What has a place in your refrigerator ONLY because your family is Jewish?

December 20, 2010 at 3:34 pm Leave a comment

A blog post by curator Karen Falk.

The other day I was digging around in the back of the fridge, and I came across my years-old bottle of Manischewitz Concord Grape Wine. I’d kind of lost track of it. And the thought suddenly occurred to me: this—along with our much younger bottle of Kedem grape juice—is an item that imparts a clear identity to our kitchen and our home. It is something we keep around only because we are kosher-keeping Jews.

A bottle of manischewitz, concord grape

I don’t particularly like grape juice. Neither does my husband. The kids don’t live at home anymore, so we don’t have it around for them. We drink it only for Kiddush, before dinner on Friday night or lunch on Saturday, and we pour a cupful for the Saturday evening havdalah ceremony. One bottle can last for months, doled out a cup at a time, kept on hand for guests (most often children) who don’t drink wine.

kedem brand grape juice, 4-pack

The same is true of the Manischewitz wine, with one difference—somewhere along the line, the distinctive taste of Concord grape wine became, for me, a natural accompaniment to our Shabbos dinner menu, and I have to admit, I kind of like it. It started years ago, before our kids were born, before it was easy to find really good kosher wines. We always had pretty much the same menu on Friday night: baked chicken seasoned with ground time and sage, baked potato, broccoli and tossed salad, and challah. After a while, my brain just began to connect the smells of the baked chicken and fresh challah with the taste of the sweet wine.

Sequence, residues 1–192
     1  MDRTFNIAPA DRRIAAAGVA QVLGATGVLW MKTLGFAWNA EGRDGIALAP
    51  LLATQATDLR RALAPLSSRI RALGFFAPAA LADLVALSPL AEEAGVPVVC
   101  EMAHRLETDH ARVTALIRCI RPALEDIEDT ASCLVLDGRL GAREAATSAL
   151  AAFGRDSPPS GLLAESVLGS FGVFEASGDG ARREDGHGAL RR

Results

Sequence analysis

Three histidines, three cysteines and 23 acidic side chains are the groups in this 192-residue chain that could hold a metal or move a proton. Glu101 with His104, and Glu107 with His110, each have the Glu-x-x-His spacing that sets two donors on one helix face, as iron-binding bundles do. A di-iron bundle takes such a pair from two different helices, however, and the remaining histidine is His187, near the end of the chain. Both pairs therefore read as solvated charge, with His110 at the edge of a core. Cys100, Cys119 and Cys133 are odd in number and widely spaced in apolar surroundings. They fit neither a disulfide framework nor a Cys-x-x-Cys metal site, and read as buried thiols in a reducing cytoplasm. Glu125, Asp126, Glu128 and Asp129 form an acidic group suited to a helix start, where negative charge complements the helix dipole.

I admit this with some sheepishness. Manischewitz Concord Grape is not considered a sophisticated taste. (That seemed like such an obvious observation, I almost didn’t write it here; then I considered the remote possibility of readers who didn’t know this and typed the sentence.) We long ago learned to vary our Friday night menu, and eagerly embraced fine kosher wines as they became available, first from California, followed quickly by those from Italy, France, and now from all over the world, including Israel. Today, we’ll open a bottle of Teal Lake Shiraz from Australia to accompany a spicy stew, or a cool chardonnay to go with our grilled salmon.

But sometimes, when it’s just my husband and me at the table, and we don’t feel like killing a bottle of wine between the two of us, we’ll recite Kiddush over the Manischewitz and I’ll savor the memory of those early years of our marriage, before kids, when we were so young and clueless.

Interior of Karen Falk's fridge

Karen's fridge, in all its glory!

Tell us—what is in your refrigerator only because of who you are? Post a portrait of your fridge on our Flikr group!

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Calling for all things “Jewish food-ish”! What’s a “Refrigerator Portrait?”

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